Friday Roundup: A ‘Da Vinci Code’ Style Pro-Pot Protest Mural Edition

Happy Friday, and welcome to another edition of the public art news roundup.

Last night at the 11th – ELEVENTH – GOP debate, Americans received a brief but very clear transmission directly from the bowels of hell. Do you need to scrub it from your brain so that you can sleep tonight? Here are a bunch of other things that happened this week:

Astronaut and Twitter aficionado Scott Kelly came home safely. Brazil’s former president was taken into custody. Rachel Kaadzi Ghansah’s Baldwin essay for Buzzfeed is on everybody’s weekend reading list who hasn’t already devoured it. Debris that appears to be from the same type of plane as the Malaysia Airlines Flight 370 was found in Mozambique. My wife Kate McKinnon had a very productive week. Also, I had a piece in the Billfold that has absolutely nothing to do with public art.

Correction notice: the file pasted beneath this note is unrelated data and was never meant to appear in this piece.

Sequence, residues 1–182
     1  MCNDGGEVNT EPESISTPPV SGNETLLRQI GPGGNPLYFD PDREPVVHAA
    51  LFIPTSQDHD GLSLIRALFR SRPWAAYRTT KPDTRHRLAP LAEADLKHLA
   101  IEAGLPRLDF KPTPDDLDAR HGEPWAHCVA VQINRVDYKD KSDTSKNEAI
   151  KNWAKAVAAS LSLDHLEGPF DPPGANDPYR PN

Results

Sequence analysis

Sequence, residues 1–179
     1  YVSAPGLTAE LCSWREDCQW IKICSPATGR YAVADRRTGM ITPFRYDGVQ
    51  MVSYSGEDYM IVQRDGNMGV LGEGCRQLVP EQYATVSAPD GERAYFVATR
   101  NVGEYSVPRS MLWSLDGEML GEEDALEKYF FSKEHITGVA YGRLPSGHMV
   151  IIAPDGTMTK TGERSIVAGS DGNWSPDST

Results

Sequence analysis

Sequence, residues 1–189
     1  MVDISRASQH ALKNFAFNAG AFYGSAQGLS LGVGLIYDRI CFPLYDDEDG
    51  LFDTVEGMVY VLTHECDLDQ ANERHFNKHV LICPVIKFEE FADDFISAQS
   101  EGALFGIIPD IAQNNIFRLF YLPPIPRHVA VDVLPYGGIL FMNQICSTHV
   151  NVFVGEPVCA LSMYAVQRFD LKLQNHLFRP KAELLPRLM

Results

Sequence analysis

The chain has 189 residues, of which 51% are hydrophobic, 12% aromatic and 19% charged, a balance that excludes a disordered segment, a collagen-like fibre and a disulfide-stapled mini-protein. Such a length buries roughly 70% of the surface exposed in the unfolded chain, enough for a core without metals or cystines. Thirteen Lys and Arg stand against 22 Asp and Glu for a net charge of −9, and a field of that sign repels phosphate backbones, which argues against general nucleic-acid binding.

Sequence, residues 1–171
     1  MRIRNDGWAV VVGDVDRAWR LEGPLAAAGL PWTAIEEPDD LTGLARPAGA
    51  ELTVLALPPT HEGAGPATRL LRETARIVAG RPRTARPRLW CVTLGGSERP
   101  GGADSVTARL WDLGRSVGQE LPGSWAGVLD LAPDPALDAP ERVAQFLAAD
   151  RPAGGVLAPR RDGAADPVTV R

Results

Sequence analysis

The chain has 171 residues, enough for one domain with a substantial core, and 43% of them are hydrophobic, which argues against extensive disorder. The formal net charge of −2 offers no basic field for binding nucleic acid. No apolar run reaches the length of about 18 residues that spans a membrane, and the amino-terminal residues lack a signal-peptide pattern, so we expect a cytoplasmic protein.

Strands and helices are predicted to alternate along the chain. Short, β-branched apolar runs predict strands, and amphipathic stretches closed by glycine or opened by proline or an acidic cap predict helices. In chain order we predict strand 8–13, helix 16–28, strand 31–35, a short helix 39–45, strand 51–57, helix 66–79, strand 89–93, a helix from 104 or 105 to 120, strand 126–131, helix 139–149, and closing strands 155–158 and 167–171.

But if you do need some help processing the ceaseless garbage tornado that is the Republican presidential race, here is the best commentary I’ve seen on the subject so far:

As for the past week in public art:

Two pieces of news from the Public Art Fund: Martin Creed will install a giant, rotating, neon sign on the Brooklyn waterfront in May, and Isa Genzken’s “Two Orchids” is on view in Central Park.

Martin Creed Understanding

Check out renderings of some big new installations planned for Houston.

Iowa City’s Mayor flipped his vote on funding to support a piece of public art, squashing efforts to hire a professional fundraiser for the project.

A French city destroyed a piece of its own public art.

The Met released two songs for free streaming that are intended as a “sonic bridge” between the museum and the new Met Breuer branch.

Anish Kapoor secured the exclusive rights to use Vantablack, reportedly the darkest pigment on Earth.

Da Vinci Code style pro-pot protest mural” in Portland, intended to skewer Oregon’s smoking regulations.

Featured Image via Inverse.